Gay marriage is not only illegal, it’s criminalized in India. But that didn’t stop one mother of a human rights activist from posting an ad in the paper seeking an arrangement for her son, who she was worried might be lonely after she was gone. The groom’s now got six offers; he wants much, much more.

According to Reuters, Padma Iyer broke all sorts of social taboos when she posted an ad seeking a qualified mate for her son.

Here’s the ad Iyer wrote:

“Seeking 25-40, well-placed, animal-loving, vegetarian GROOM for my SON (36, 5’11”) who works with an NGO,” said the advertisement in the Mumbai tabloid Mid-Day.

The tabloid wasn’t Iyer’s first choice for publication of her son’s single status.

Iyer’s son, Harish, who is a prominent human rights activist, said the matrimonial was prompted by the normal wish any mother has to see her son settle down. He has already received six responses to the advert.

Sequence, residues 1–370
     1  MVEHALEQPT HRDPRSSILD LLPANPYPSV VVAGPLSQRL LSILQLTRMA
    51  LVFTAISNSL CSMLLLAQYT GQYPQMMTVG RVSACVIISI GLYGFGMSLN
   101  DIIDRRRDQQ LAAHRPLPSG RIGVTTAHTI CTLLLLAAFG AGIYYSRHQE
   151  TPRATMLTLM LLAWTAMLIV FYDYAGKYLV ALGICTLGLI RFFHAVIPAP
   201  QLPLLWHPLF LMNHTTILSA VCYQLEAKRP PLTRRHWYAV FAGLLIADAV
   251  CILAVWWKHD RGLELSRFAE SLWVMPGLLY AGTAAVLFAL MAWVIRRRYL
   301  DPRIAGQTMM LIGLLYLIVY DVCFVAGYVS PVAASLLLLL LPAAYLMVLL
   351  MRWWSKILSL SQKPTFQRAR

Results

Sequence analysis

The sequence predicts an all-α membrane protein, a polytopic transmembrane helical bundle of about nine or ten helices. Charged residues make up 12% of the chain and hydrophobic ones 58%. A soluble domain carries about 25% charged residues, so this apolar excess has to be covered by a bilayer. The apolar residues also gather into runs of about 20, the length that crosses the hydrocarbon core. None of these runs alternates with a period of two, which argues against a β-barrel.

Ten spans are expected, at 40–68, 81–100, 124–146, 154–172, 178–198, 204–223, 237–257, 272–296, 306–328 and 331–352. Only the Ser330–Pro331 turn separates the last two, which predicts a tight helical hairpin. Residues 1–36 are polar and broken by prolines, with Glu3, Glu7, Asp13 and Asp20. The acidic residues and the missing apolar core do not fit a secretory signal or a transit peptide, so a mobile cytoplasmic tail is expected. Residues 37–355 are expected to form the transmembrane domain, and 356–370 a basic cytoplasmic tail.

However, he added, it was a challenge to find a newspaper to publish it.

In an opinion piece, Iyer said he was angry when the advert was rejected by two newspapers - the country’s most popular national English daily The Times of India and the Mumbai tabloid DNA - over legal issues.

The Hindustan Times, another major English daily, did not respond to his email to place the advert on behalf on his mother, he added.

Harish believes that the newspapers refusing the ad (which has now gone viral) is a sign of how biased India is against sexual minorities. The country removed a ban on same-sex relationships in 2009 but reinstated it in 2013 after an outcry from the religious sector. Now, Harish and his mother are continuing to fight for equal rights, making sure that sexual minorities and transgender individuals are no longer living on the fringes of society, being discriminated against and unable to receive health care. In addition, Reuters reports that since the criminalization of same-sex relationships has come back into effect, crime against India’s LGBT+ population is on the rise, even though many victims are too scared to report it.


Contact the author at mark.shrayber@jezebel.com.